They created an HD computer monitor and instead of talking about its specs on their commercial (specs which would be trumped by the next big thing), they created an emotional connection by showing families around the monitor enjoying family photos (and giving those staged laughs and smiles...but I digress).
That emotional connection is what made the non-geeky, non-techy people want to buy!
You'll want to start your value proposition by writing out a clear, concise description of what your product is and does.
Maybe you've done this before, but this one is going to vary slightly.
Make it an incredibly focused description that clearly depicts your invention in a very succinct way.
You'll want to avoid two things in composing your value proposition, and this is what makes it challenging:
Your invention was ideated and created to solve a problem.
Your value proposition should passionately reflect your mission and definitively portray you as the sole expert in efficiently and effectively solving that problem.
For a basic value proposition statement (note, this is not all my original thinking here - this is tried and true), you can try a format that includes some or all of what is below:
Hopefully this gets you headed in the right direction!
There is a ton more research available on creating value propositions but I'm going to move on and leave you one tip on value proposition:
Your value proposition should give your target market reason to continue to learn more about your product and eventually convert to a paying customer who values your product because you've solved a problem and set yourself apart in doing so.
A positioning statement is an expression of how your invention fills a particular gap or solves a particular challenge in a way that your competitors don't.
A good positioning statement will serve as a beacon for all of your marketing efforts, helping tether them to a central set of ideas; this creates consistency and helps customers and potential customers realize, understand, and feel your brand or product or invention.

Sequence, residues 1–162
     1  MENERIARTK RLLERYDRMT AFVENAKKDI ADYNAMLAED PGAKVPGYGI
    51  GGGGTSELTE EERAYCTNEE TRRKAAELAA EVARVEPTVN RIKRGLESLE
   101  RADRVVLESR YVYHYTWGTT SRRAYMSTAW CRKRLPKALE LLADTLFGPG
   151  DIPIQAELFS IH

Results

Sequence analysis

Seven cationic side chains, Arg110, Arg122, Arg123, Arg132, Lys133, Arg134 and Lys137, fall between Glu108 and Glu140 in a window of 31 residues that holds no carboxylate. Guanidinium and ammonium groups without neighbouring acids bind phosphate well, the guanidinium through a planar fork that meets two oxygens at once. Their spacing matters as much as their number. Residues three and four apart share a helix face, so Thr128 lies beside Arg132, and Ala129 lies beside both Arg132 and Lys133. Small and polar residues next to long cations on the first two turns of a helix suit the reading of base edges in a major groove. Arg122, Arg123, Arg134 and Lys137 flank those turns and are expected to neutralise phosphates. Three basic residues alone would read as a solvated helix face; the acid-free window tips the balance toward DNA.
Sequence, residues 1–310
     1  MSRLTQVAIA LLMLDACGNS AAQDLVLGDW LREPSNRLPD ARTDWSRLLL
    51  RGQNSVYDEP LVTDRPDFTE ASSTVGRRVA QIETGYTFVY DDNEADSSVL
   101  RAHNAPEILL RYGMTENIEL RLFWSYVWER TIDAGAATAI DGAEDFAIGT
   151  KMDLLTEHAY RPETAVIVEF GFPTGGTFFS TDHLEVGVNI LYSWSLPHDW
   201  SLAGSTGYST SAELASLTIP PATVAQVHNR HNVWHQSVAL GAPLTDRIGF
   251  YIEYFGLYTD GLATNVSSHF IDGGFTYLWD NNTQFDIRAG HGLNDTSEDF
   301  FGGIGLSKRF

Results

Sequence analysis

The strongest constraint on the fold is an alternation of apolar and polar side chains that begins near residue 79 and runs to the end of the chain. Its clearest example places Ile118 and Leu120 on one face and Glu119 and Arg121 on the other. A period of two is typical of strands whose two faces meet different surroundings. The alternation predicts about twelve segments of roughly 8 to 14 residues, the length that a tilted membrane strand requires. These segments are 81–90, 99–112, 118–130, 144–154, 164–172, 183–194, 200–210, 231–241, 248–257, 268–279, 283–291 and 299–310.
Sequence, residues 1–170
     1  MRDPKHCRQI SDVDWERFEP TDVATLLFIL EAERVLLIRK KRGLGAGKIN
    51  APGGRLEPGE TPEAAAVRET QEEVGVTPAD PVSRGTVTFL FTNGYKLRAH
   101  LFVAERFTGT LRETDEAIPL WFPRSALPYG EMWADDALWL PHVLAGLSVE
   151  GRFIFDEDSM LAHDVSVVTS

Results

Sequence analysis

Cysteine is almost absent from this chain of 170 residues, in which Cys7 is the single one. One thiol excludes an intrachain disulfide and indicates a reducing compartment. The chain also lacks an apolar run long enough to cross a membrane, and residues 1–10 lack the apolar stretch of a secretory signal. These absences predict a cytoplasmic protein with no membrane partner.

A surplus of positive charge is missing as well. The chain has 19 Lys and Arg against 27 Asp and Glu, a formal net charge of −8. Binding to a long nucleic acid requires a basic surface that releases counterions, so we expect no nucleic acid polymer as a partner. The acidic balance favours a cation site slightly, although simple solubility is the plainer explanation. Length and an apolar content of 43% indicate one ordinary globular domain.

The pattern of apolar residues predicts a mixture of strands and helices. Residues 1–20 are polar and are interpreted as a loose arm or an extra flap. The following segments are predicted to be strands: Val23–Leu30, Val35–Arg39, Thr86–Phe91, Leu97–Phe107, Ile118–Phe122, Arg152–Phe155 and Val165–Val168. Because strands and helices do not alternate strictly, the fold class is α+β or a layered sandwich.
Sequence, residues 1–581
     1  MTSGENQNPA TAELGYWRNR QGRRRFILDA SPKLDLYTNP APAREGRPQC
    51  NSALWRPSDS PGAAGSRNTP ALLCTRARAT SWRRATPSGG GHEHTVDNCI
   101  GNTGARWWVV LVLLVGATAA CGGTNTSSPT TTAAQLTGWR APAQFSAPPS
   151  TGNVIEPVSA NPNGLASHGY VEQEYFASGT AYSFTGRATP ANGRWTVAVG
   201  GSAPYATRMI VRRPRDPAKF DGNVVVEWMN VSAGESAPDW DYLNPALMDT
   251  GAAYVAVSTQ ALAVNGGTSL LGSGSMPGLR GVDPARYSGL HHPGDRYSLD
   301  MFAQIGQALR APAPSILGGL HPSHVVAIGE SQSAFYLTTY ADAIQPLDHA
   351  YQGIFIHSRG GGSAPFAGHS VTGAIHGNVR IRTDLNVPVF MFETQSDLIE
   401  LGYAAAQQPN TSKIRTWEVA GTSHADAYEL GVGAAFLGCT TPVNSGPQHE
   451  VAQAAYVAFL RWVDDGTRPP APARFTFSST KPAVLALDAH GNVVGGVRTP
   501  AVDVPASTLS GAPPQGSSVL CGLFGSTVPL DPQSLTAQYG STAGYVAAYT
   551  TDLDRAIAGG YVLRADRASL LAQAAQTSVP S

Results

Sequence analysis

Positioning statements keep you focused.
Your positioning statement will almost reveal itself directly from your value proposition.
Positioning statements should describe why customers should use your product over another.
For example, say you invented a new (unique) battery. Your positioning statement will construe to customers why they should buy your brand over Energizer or Duracell or any others. Your positioning statement could be about how its longer-lasting and uses green technologies.
You should be always prepared to modify or change your positioning statement to respond to climate changes in the market - it will constantly evolve.
To come up with a positioning statement you'll want to brainstorm and write down your differentiators and your benefits.
Try to deep dive and really think about who your end-user or target audience is and how they will benefit from your invention in a way they are not benefitting from a current product.
If you were a customer, why would you choose you? (And in doing so, try to do the same for your competitor - take an unbiased view to this exercise)
Your value proposition and positioning statement, together, will be a foundation for your marketing strategy; they are a pivotal and integral piece of your overall business plan; we recommend not taking this lightly.
You've gone this far - you need to continue to invest the time if you want to be successful.
Conducting Market Research: Identifying and understanding your target audience
Peter Drucker once said, "The aim of marketing is to know and understand the customer so well the product sells itself."
This may sound basic, this may sound generic, and this may sound redundant since you've already assessed the potential commercial value of your idea and, in doing so, you've identified an audience, market and niche.
But this step is imperative and your research and effort here is truly indicative to the success your initial marketing ploy sees.
Think about it: A lot has probably changed since you took that first step in evaluating who would use your invention.